jueves, 15 de diciembre de 2011

International Tea Day !!

International Tea Day
On every 15 December all tea producing countries across the World observe International Tea Day to draw attention of governments and citizens on the impact of tea trade on workers, small growers and consumers. The decision to observe the International Tea Day on 15 December was taken after deliberations among various international organizations and trade unions during the World Social Forum in Mumbai (‘04) and Porte Allegre (‘05). Subsequently, the International Tea Day is observed in major tea producing countries like Bangladesh, Nepal, Sri Lanka, Vietnam, Indonesia, Kenya, Malawi, Malaysia, Uganda,IndiaandTanzania.

In the Context of WTO
Under the WTO guided international trade regime, the countries are expected to open up their borders for trade. The Indian government has also made significant changes in its policies of commodity trade. The big tea brands brokers and traders use this opportunity to remove all safeguards created by national governments to protect the industry interests, employment and food security. Besides these, there is no international commodity agreement now possible in WTO because it is completely against any multilateral initiative to control the production and price for tea as a commodity.

This is a global problem that requires a global response – a united response across borders and sectors. International Tea Day will bring to the focus the extreme vulnerability the tea workers and tea small growers are facing at the moment and their collective aspiration to change the situation. It will invite the attention of the government to acknowledge the need for safeguarding the concerns of the workers and small growers. It will bring forward the reality that the tea industry crisis may be best addressed, if it has a global perspective. It will set in motion global reaction to the problems.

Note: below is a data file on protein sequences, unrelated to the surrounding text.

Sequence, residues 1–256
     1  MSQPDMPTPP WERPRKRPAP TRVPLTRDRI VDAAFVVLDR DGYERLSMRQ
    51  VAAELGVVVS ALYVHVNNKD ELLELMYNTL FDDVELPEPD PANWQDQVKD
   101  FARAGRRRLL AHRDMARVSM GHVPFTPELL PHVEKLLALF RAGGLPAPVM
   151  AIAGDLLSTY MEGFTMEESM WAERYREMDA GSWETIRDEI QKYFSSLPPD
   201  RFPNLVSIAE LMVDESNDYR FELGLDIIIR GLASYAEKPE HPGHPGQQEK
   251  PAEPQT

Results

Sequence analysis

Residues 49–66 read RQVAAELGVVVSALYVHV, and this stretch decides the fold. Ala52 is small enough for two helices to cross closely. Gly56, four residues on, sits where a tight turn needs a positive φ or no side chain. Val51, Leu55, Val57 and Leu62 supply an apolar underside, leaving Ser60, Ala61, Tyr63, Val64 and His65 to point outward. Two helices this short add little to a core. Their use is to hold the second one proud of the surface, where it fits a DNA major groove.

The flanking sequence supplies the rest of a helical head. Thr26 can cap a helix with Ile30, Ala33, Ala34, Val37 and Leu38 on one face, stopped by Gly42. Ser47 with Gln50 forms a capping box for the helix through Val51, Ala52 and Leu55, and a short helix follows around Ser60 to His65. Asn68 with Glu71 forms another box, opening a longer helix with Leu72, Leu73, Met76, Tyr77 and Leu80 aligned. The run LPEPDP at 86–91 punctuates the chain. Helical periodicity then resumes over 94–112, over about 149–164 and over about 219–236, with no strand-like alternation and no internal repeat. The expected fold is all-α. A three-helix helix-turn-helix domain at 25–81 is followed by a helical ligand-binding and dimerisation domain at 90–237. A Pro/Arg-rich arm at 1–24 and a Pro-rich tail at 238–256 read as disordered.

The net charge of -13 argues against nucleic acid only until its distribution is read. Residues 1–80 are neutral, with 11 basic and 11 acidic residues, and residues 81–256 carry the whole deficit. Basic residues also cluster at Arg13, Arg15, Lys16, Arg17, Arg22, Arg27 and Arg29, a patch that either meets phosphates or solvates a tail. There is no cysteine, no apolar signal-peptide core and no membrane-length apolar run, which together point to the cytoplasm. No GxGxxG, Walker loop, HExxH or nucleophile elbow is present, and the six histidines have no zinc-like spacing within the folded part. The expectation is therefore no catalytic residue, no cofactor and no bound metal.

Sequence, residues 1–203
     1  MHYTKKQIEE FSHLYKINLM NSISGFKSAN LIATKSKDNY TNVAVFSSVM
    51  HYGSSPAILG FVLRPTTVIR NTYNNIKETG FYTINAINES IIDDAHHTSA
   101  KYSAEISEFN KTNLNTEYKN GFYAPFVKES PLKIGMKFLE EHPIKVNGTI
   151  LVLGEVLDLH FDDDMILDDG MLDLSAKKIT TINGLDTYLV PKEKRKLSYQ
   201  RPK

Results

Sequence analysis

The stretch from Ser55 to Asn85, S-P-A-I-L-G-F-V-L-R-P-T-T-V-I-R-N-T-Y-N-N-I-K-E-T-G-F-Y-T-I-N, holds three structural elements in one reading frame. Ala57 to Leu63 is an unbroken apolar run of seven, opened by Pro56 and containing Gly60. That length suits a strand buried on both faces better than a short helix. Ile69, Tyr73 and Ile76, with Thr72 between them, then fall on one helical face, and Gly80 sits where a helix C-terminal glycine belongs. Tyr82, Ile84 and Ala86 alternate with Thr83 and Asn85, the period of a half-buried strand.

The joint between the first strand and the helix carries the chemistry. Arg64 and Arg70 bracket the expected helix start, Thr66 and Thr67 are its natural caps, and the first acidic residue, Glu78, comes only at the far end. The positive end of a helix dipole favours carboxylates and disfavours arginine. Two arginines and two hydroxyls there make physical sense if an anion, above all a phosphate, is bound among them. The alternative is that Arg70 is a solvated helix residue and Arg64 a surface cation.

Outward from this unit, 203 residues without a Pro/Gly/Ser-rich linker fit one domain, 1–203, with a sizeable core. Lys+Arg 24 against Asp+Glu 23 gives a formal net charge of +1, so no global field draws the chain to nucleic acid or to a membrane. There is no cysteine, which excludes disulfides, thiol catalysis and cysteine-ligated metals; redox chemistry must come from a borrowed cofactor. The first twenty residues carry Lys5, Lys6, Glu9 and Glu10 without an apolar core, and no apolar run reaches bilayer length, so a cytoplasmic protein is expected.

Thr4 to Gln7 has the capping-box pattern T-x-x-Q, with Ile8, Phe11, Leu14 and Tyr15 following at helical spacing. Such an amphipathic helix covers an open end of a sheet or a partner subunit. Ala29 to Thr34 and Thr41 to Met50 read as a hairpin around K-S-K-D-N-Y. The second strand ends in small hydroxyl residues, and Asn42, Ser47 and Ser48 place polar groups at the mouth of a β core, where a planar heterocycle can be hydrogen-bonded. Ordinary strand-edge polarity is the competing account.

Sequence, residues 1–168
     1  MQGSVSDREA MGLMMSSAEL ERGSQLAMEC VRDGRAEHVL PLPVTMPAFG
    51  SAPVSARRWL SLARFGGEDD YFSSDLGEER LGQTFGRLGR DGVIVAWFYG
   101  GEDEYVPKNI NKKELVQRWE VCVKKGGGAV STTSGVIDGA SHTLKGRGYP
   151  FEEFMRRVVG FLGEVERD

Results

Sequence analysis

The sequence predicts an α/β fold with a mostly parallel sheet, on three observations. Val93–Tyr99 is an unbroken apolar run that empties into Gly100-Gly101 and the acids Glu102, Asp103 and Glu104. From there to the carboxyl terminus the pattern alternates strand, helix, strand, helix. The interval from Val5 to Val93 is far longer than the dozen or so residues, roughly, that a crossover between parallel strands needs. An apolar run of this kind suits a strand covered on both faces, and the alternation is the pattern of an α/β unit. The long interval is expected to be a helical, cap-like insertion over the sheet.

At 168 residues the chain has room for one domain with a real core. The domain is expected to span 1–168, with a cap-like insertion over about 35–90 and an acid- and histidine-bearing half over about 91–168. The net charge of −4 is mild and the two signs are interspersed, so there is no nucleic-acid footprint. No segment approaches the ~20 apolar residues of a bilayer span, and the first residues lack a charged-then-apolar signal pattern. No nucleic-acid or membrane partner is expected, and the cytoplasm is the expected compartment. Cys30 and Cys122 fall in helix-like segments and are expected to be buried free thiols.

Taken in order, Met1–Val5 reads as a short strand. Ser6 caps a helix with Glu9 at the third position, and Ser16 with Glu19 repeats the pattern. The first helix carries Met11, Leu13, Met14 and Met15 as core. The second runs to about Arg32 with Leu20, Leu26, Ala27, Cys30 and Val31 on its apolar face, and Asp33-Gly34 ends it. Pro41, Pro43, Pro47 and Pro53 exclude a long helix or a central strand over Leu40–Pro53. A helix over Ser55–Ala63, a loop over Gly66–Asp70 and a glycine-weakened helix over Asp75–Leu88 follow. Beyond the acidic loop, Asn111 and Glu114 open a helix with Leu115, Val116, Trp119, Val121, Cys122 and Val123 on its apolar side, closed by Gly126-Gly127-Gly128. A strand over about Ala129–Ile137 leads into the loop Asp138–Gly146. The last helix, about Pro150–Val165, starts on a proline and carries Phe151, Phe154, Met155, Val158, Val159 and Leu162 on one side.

Why an International Tea Day
The commodity price of tea is declining in all countries. There is overproduction in tea industry; but this is directed because the benefit goes to the global brands. The global brands get tea at the lowest prices. Tea industry across the world is experiencing large-scale restructuring. There is disintegration and disengagement at the plantation level and consolidation at the brand level. Lack of transparency in pricing is seen along the tea value chain. To make it more miserable there is disproportionate value accrual at the higher end of the tea value chain and unrealistic price realisation at the lower end.
The states' as well as international agency interventions to correct the imbalances are fast disappearing. The concentration of power at the level of brands and super-markets has resulted in slow vanishing of the clearly existed national tea markets. The ‘brands’ and ‘super-markets’ pit one country against the other and one region against the other. Consequent to all these changes, the vulnerability of tea workers in all countries is increasing and so is the case with small growers. In India alone more than two million people obtain their livelihood from the activities associated with production, value addition and the marketing of tea.

The objectives of the International Tea Day:

To affirm the rights of tea plantation workers and small growers in the context of emerging global trade regime.
To build awareness and responsiveness among all the concerned bodies: owners, management, government, trade unions and workers with regard to both trade and labour standards.
To identify necessary policy decision both nationally and internationally and to advocate for the promulgation of policy decisions, institutional systems and their implementation.
To suggest regulatory mechanisms, including transparent monitoring systems, to be set up at various levels.
To strengthen future advocacy and campaign at an international level.
To facilitate tea consumption and promotion of trade in tea.

What you can do?

Join the Tea Day Observance, if it is already taking place in your region/locality, contact tea trade unions for further information.
Organize a meeting or an event expressing solidarity with workers and small growers who produce tea for us.
Demand from the Government of India, national and state level policies that protect the interest of tea worker and small workers.
Write letters to your Members of Parliament and the Minister of Commerce, Government of India demanding National and multi-national (WTO) trade policies that safeguard the interests of Indian tea producers and consumers.
Promote Tea – ‘Tea is a Health Drink’.

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